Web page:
the issue is that with FOR UPDATE .. and ultra paranoid isolation levels you can get locks on things that exist, but its not possible to necessarily get a LOCK on things that are just being inserted or altered to suddenly fall in your "range" or worse yet that get appended to your "range". some RDBMS do support range locks (like if I do WHERE foo BETWEEN 1 AND 100), but not all do .. and IIRC you do not really have much control over those (its simply a LOCK escalation strategy RDBMS may use to reduce the number of row level locks). this means in many situations fetching data with a FOR UPDATE even, might not be enough to ensure consistency when you do rights later on.
i have not done a code review of D2 .. actually i have spend very little time looking at any of the code, but from the questions and comments i have seen, there doesnt seem to be enough emphasis. for example i also saw code for the slug extension. which again employs the model of fetching all potential collisions and then doing an insert on the fetched data, without ensuring that between fetching and inserting there are no new collisions. stuff like this should try harder to do things in a single commit if possible, or getting the necessary locks.
locking is non trivial business and so expecting end users to get this right is a bad move imho.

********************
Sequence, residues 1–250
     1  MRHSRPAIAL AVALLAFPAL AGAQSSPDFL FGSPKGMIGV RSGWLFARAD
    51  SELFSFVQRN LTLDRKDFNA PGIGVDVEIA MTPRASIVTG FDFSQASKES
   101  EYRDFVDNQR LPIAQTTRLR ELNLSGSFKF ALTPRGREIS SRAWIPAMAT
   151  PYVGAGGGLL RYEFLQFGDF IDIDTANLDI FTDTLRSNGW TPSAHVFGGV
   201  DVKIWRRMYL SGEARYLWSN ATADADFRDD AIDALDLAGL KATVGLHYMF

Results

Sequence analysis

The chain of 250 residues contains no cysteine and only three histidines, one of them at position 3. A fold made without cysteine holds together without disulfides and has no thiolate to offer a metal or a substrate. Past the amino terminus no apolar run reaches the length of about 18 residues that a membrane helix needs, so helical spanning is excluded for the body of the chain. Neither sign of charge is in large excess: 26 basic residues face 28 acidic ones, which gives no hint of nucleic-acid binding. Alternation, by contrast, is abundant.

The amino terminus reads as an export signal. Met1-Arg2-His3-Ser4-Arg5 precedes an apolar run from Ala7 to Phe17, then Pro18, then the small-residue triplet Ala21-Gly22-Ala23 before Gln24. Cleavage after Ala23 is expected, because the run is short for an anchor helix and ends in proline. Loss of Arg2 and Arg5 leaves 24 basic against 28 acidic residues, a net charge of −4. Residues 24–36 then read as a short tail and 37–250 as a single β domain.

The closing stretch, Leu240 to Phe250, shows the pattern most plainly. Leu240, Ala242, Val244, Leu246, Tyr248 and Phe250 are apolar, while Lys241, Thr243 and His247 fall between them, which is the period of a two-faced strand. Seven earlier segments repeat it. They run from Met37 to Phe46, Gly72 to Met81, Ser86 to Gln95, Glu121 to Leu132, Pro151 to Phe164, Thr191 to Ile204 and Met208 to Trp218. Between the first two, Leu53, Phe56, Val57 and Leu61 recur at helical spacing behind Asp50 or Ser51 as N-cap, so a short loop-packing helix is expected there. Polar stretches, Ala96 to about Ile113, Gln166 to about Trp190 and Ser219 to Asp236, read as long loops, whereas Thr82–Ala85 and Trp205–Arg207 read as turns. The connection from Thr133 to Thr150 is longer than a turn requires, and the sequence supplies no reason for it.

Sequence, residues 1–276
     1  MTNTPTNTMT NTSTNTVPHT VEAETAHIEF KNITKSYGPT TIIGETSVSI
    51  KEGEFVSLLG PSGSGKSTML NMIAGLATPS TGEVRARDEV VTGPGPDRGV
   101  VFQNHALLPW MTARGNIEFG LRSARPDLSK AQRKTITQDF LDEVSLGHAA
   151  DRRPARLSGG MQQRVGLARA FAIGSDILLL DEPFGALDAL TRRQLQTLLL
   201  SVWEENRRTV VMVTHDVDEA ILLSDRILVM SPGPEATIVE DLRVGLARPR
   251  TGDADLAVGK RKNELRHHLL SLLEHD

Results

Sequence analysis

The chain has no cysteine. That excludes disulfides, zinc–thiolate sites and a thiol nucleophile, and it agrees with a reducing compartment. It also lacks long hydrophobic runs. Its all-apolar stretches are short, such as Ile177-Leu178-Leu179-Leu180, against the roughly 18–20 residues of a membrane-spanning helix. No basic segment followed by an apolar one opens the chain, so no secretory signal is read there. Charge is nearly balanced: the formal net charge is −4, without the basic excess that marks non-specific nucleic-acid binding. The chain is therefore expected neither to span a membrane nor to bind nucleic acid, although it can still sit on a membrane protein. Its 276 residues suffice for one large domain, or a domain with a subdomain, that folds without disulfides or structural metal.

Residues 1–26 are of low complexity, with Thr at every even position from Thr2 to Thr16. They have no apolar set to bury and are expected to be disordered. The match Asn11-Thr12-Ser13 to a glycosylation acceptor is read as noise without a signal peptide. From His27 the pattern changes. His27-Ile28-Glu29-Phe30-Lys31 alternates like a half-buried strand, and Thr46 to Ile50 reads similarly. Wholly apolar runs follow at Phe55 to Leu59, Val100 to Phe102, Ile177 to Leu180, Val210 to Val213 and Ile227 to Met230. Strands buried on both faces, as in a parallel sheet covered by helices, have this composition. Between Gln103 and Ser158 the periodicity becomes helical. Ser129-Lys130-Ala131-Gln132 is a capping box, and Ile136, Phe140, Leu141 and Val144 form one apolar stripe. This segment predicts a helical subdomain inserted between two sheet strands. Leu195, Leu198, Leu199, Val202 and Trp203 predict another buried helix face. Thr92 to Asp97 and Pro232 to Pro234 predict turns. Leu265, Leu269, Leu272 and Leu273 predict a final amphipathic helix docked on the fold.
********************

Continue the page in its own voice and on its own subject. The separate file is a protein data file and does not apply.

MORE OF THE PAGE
but aside from any of the internal sql, i would also urge to ensure that some of the things i have been asking for (an efficient way to determine the affected tables and if they need to be locked at the start of a flush) a solid way to mark specific models or all model instances as dirty to ensure that users can either choose to reload certain dirty models at once or automatically when they are accessed again (see
DDC-343) is really possible.
at the same time i acknowledge that i am just pointing at theoretical problems, without a promise to do the actual analysis and fixing. its just that this month i have promised people to spend my spare time on other stuff. next month might be more doable, i am traveling a lot .. where i can hopefully spend some time reviewing, then again traveling means that providing feedback and discussing things is more difficult.